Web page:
50 years ago: NASA blasts off the first humans to experience a lunar close encounter
The previous Saturn V didn't go so well, but you guys will be fine. Trust us
Fifty years ago today, the third Apollo crew were strapped into a capsule perched atop the third Saturn V to undertake a journey to the Moon.
It was in many ways more audacious than the eventual lunar landing itself.
Third time lucky (on a Saturn V)
The Saturn V the crew was to ride had a difficult birth. NASA had only managed to launch two by the time the Apollo 8 crew were sent off, and the last attempt had nearly ended in failure.
The first test flight, designated Apollo 4, was launched from Cape Canaveral's Pad 39A just over a year previously, on 9 November 1967. It was the first Apollo launch following the death of the Apollo 1 crew earlier that year and was an "all-up" test of the Saturn V stack. Everything on the rocket was fully functional, allowing NASA to drop the usual conservative testing steps preferred by its rocket boffins at the cost of potentially throwing away an entire Saturn V if one of the stages failed.
The goal was the send the thing into Earth orbit, with ballast to simulate the lunar module, which was woefully behind schedule. The all-important S-IVB third stage would be placed into orbit, but rather than sending the Apollo spacecraft toward the Moon would instead fire the remaining components back towards the Earth, simulating the velocity at which Apollo would return.
NASA reckoned the mission would kill not two birds, but validate a whole flock. On the other hand, failure would likely put the agency irretrievably behind the Soviet Union in the race to the Moon. Of course, NASA could not know then that by the time the earlier Gemini programme had achieved the first rendezvous in orbit, the USA had surpassed its Soviet rival.
Apollo 4 was a success from NASA's perspective, paving the way for a second test five months later in the form of Apollo 6.
Apollo 6 did not go quite so well.
The purpose of the mission, launched on 4 April 1968 from Pad 39A, was to simulate a lunar trajectory, although the Moon would not be aligned to allow the spacecraft to attempt a lunar flight. NASA, however, was more interested in testing the direct-return abort concept.
The Saturn V would be launched on a lunar trajectory, with the S-IVB sending the Apollo command and service modules and an almost-a-lunar-module test article on a trans-lunar profile. The spacecraft would be turned around, and Apollo 6 sent back toward to the Earth, handily testing the heat shield of the command module once more.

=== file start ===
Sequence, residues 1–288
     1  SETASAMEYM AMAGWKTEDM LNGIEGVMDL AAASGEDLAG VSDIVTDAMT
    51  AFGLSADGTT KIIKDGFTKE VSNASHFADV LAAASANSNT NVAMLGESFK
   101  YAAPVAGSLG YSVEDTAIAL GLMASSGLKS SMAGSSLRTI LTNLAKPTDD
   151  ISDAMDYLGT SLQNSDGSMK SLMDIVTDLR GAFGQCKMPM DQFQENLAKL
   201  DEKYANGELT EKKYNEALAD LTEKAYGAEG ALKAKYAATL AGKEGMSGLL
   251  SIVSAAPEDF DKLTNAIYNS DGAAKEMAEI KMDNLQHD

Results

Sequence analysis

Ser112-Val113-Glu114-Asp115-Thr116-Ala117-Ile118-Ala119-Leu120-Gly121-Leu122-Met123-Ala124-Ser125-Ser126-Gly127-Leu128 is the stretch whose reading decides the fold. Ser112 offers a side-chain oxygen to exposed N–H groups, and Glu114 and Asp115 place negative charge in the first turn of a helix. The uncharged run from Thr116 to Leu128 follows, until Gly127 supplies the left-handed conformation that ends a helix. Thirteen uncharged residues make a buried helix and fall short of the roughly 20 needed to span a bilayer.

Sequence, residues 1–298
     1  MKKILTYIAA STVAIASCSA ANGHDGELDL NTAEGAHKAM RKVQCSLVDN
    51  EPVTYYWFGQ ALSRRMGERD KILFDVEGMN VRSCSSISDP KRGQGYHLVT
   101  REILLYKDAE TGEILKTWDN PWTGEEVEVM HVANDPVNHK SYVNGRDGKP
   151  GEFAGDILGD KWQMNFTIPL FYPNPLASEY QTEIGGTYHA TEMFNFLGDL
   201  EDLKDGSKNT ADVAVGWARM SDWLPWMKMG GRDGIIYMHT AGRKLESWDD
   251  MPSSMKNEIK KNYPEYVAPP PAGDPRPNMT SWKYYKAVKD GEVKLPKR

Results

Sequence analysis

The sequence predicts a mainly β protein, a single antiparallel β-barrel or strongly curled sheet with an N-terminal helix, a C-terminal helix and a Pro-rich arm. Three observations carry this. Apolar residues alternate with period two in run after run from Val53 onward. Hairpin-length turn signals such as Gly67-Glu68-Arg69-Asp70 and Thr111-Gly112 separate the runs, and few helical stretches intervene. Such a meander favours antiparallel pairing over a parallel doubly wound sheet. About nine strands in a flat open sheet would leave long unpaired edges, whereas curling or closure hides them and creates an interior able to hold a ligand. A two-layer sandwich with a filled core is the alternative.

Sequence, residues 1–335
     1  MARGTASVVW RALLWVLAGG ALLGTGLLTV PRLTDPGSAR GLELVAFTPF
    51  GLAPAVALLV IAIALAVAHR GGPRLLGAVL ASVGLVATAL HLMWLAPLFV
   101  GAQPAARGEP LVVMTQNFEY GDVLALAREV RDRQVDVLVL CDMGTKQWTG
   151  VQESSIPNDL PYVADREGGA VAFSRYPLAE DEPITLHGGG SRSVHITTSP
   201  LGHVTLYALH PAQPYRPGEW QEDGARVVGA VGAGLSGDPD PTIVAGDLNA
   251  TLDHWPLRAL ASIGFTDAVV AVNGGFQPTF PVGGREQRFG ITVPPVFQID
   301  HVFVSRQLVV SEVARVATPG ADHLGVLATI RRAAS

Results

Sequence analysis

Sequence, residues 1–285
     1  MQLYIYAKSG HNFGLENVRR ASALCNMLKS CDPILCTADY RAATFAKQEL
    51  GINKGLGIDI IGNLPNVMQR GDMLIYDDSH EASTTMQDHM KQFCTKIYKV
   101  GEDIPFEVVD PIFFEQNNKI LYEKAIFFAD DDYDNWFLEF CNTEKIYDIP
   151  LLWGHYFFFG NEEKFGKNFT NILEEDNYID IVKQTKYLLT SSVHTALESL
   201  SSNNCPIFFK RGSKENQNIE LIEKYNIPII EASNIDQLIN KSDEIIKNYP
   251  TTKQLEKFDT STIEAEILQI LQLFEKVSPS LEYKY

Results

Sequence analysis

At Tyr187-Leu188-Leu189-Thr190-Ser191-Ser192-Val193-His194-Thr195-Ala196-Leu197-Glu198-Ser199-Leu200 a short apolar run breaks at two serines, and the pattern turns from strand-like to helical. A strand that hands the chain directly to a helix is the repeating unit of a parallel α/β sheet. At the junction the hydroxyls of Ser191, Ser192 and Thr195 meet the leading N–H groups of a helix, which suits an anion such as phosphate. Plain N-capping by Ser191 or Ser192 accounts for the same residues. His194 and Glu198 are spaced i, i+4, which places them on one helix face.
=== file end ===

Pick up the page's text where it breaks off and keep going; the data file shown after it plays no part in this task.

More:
But severe oscillations (also known as "pogo") developed during launch. Fuel lines were ruptured and engines in the second and third stage were damaged. The spacecraft limped into orbit, but attempts to simulate the trans-lunar-injection manoeuvre were abandoned after the S-IVB failed to restart.
Ground controllers hurriedly improvised and opted to detach from the broken booster and use the engine of the service module to raise the orbit of the Apollo spacecraft to get closer to some of the mission objectives.
While the workout of the service module was useful (it burned for far longer than it would have been needed to on a normal lunar mission) the eventual re-entry velocity of the Apollo capsule was some way short of what was needed.
NASA put a brave face on things. While the problems could have killed a crew, the agency reckoned that the Apollo mechanisms would have whisked the 'nauts to safety. And the other issues could be fixed.
All change, please. All change
The Soviet Union's uncrewed Zond 4 had performed a lunar flyby in March 1968, increasing pressure on the USA in the race to the Moon. NASA's original plan had been for Apollo 8 to test the lunar module in low Earth orbit, but as the unwieldy lander fell further and further behind schedule, NASA found itself with a Moon rocket and an increasingly urgent need to go to the Moon.
In August 1968, it was decided that Apollo 8 would enter lunar orbit and return to Earth without a lunar module. This would have the additional benefit of saving some steps in the Apollo test programme and protect the opportunity for a landing in 1969.
As NASA worked through its plans, the Soviet Union launched the uncrewed Zond 5, which carried a cargo of animals around the Moon to a successful splashdown in the Indian ocean on 21 September 1968. Not knowing that problems with the Soviet re-entry would likely have killed a crew, NASA pressed ahead, fearing that it was about to be once again trumped by its rivals.
The original Apollo 8 crew, commanded by Jim McDivitt and trained to fly the first lunar module, was swapped with Frank Borman's crew. The new guys found themselves with around three months to retrain for the mission, with a focus on navigating to the Moon rather than testing out a lunar module.
In the meantime, teams from the Marshall Space Fight Center worked to reassure nervous NASA managers that a further uncrewed flight of the Saturn V was not required, demonstrating on Saturn test articles that their solutions to the Apollo 6 vibration issues would work.
NASA signed off the mission and, at 12:51 UTC on 21 December 1968, the Apollo 8 crew was launched on a trajectory governed by political needs as much as scientific exploration. ®
Part 2 was published on Christmas Eve, 24 December, 2018.
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